That it’s easy or glamorous. I mean it is glamour, but not for the stylist. Many starting stylists don’t just wake up with a million pieces in their closets. If they did, that’s just the easiest part. There is SO much paperwork and politicking before the styling portion even starts. And even more paperwork and headaches after.

One of my fave looks by Jayne Do': Draya Michele for Pleezer Mag. 

One of my fave looks by Jayne Do': Draya Michele for Pleezer Mag

Who are two of your favorite clients and why?

I’ll do two different types of clients, brand and celebrity. My most favorite client is Whitney Brown, she’s the CEO of W Entertainment. She is ABOUT HER BUSINESS. I love that in a client. I also love that she allows me to be the creative, trusts my judgement and is always honest. She is the A-Client that us stylists need. I would say Timbaland is my favorite celebrity to work with. He just has this energy that isn’t intimidating and keeps you comfortable. He was one of the easiest people I have ever worked with. He’s just great overall.

What would you say is the biggest challenge you've faced so far in your career?

Figuring out your worth. That’s the stage I am in right now. Having to “fire clients” and walking away from situations that isn’t conducive to my growth as a business woman. It’s a challenge because it just looks bad. Having to choose between having a bad rep short term vs. long term because you can’t make everyone happy is a challenge. Saying no when you want to save the world is a challenge. It’s nothing personal, but of course it doesn’t feel that way when it’s you.

The fashion industry is such a competitive field. Many seem to have a "crabs in a barrel" mentality and would rather not help others along the way while they themselves are on a similar journey. What particularly inspired you to want to " groom the next generation of stylists"? 

I have experienced that “crabs in a barrel” mentality you speak of. On many levels. I started this journey in 2007 at 14, before social media, before this course was offered at college campuses. I had to blindly find my way. I don’t feel like all aspiring stylists do though, especially since there are resources. I have reached out to other stylists in an attempt to humble myself and have been shot down, too. I am not that stylist, I genuinely believe it’s enough money, jobs and room for us all in this industry.. if I can help you move up, perfect. Let’s all win and be great. Plus, I would love to see better stylists flourish now more than ever.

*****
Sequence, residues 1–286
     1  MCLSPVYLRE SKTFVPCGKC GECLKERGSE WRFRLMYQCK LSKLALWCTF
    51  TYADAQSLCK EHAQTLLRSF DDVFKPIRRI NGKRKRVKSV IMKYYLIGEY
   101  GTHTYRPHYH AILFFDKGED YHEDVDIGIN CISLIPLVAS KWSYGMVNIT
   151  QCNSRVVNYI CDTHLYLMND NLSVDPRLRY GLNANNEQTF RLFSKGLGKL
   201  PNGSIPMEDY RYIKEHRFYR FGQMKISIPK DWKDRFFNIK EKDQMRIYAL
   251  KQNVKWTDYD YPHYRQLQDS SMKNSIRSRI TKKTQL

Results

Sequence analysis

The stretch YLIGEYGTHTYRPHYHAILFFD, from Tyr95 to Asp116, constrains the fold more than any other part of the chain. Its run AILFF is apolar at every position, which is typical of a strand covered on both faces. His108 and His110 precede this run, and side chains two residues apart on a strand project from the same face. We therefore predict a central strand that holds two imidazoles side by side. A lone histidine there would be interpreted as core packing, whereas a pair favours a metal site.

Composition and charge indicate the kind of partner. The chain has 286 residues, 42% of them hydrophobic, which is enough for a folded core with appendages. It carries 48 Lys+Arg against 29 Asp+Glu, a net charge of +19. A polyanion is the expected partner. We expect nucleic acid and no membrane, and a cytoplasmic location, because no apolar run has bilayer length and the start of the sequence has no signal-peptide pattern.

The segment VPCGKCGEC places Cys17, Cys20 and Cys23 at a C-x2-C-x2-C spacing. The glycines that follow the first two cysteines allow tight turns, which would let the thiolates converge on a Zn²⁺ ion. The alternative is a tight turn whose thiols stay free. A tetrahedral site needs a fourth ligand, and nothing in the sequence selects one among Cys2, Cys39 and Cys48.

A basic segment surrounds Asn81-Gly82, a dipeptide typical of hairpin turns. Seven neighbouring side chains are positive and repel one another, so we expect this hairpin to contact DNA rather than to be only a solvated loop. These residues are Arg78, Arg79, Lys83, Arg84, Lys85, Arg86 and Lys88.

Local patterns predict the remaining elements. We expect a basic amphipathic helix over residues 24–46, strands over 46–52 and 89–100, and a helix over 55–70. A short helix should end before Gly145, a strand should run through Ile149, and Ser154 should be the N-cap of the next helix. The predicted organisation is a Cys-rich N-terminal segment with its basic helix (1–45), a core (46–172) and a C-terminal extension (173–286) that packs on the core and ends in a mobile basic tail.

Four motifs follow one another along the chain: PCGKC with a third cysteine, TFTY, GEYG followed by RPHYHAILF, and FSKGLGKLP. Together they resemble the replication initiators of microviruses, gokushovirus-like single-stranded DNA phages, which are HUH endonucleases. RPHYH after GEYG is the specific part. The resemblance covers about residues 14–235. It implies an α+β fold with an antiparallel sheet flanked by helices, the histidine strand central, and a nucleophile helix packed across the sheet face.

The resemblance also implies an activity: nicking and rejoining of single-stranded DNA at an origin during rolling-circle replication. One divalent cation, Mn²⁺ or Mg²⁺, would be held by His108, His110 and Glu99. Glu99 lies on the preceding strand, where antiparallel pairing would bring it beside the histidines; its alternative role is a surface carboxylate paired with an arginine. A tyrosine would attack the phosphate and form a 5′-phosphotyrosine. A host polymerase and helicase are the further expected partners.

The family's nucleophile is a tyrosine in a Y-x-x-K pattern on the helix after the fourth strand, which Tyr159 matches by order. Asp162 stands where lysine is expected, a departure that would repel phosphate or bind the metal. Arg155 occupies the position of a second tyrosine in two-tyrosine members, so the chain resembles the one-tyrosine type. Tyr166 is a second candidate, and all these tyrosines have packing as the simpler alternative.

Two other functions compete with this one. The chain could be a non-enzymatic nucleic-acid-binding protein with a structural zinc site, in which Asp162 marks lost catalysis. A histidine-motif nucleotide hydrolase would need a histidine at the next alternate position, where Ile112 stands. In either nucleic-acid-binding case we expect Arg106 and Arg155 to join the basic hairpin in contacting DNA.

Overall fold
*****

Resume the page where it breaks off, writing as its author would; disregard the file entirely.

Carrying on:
Speaking of the next generation, what do you feel has changed about the wardrobe styling industry that may not have affected stylists in past generations (or vise versa)?

SOCIAL MEDIA ! Social media and reality television has changed the way stylists are perceived and handled. It’s crazy. As time surpasses, the respect a stylist receives diminishes a little.

What are some words of wisdom from you on how to not only survive, but how to flourish as a creative entrepreneur?

It sounds cliche, but KNOW YOUR WORTH, not only as a creative but as a business person as well. Literally everything will fall into place. You will attract the type of client that identifies with you. You will attract people that don’t want to haggle your prices, or negotiate what you offer. It’s a domino effect after that.


Keep up with Jayne Do's grind via her social media (@xojaynedo) and look out for her #stylistfromscratch videos as well as her new book, set to release Winter 2018. Jayne Do', thank you so much for dropping some insight on The Walking Art Blog. I'll be watching the glo. ✨

Hope you enjoyed this interview as much as we did! Stay tuned for new projects coming very soon to The Walking Art Blog! 


"The definition of walking art."